Varroa destructor, parasitic mite of honey bee at MetaPathogen
Honeybee as a model organismHoneybee is a model for learning and memory; for studies of allergic disease; for gerontology research, as the long-lived, egg-producing queen is genetically identical to the much shorter-lived female workers; for studies of venom toxicology; and for studies of infectious diseases in dense societies.
VisionBees, like humans, posess trichromatic color vision, however, their visual spectrum is shifted toward shorter wavelengths, and their visual acuity is about 170 times poorer than that of humans.
Complexity of tasksHoneybee has brain that weighs less than a milligram and consists of fewer than a million neurons. Despite of this, honeybees learn to discriminate visual patterns and to generalize properties of the patterns (such as orientation and symmetry); they are capable of complex associative recall: colors can trigger recall of patterns, and scents can trigger recall of colors; they perform tasks in a context- and time-dependent manner; and they can count to a maximum of four objects presented sequentially or simulteneously.
CommunicationsHoneybees communicate information about important locations (food or nest sites) around the hive through ritualized body movements, called the "waggle dance".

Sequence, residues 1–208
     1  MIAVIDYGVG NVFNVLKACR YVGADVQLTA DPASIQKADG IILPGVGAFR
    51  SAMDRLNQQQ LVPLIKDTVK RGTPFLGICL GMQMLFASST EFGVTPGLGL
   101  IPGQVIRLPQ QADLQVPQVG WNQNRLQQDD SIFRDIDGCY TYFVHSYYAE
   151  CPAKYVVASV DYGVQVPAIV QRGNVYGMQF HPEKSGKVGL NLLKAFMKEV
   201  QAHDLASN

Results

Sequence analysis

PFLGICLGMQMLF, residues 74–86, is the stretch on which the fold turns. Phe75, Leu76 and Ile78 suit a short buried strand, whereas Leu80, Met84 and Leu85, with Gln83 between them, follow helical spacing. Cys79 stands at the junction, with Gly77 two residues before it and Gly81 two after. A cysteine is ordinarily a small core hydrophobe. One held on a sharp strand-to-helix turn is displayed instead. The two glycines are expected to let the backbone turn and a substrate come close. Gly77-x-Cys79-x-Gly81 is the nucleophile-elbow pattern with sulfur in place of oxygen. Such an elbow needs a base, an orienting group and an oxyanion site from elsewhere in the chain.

A swarm's decision making relies on sensing a quorum (a sufficient number of scouts) at the one of the nest sites rather than sensing a consensus (agreement of dancing scouts) at the swarm cluster. By this hypothesis, a scout bees "vote" for a site by spending time at it.
Honeybee passes through 4 distinct life stages: egg, larva, pupa and adult. The process is called complete metamorphosis.
- Egg The queen bee lays a single soft
white egg in each cell of the comb; the egg stage usually takes 3 days.
- Embryonic queen Eggs destined to become queens are laid in a larger cell.
- Embryonic drone Egg from which drone is going to hatch was not fertilized, thus, drones are haploid and carry only the chromosomes of the queen.
- Embryonic worker
- Hatching Egg generally hatches into a larva on the fourth day.
- Larval Larva is a legless grub that resembles a tiny white
sausage; the larva is fed a mixture of pollen and nectar called beebread;
larval stage takes place during days 4 through 9; larvae undergo several moltings
before brood cell capping and spinning a cocoon to become pupa.
- Larval worker Larval worker is fed a mixture of pollen and nectar called beebread.
- Larval drone Larval drones are fed royal jelly (a substance secreted from the glands in the heads of worker bees) and develop in a slightly larger cell than worker bees.
- Larval queen Larval queens are fed royal jelly only.
- Pupa On the ninth day the cell is capped with wax and the
larva transforms into the pupa; the pupa is a physical transition stage between
the amorphous larva and the hairy, winged adult; the pupa does not eat.
- Pupal worker Takes about 282 hours (11-12 days).
- Pupal drone Takes about 360 hours days (~15 days).
- Pupal queen Takes about 6 days.
- Adult worker Life span of worker bee
is about 20-40 days in summer and 140 days in winter; worker bees are sterile females;
during their adult lives worker bees undergo complex and drastic changes in behavior
and physiology; the transitions are on only partly genetically predetermined and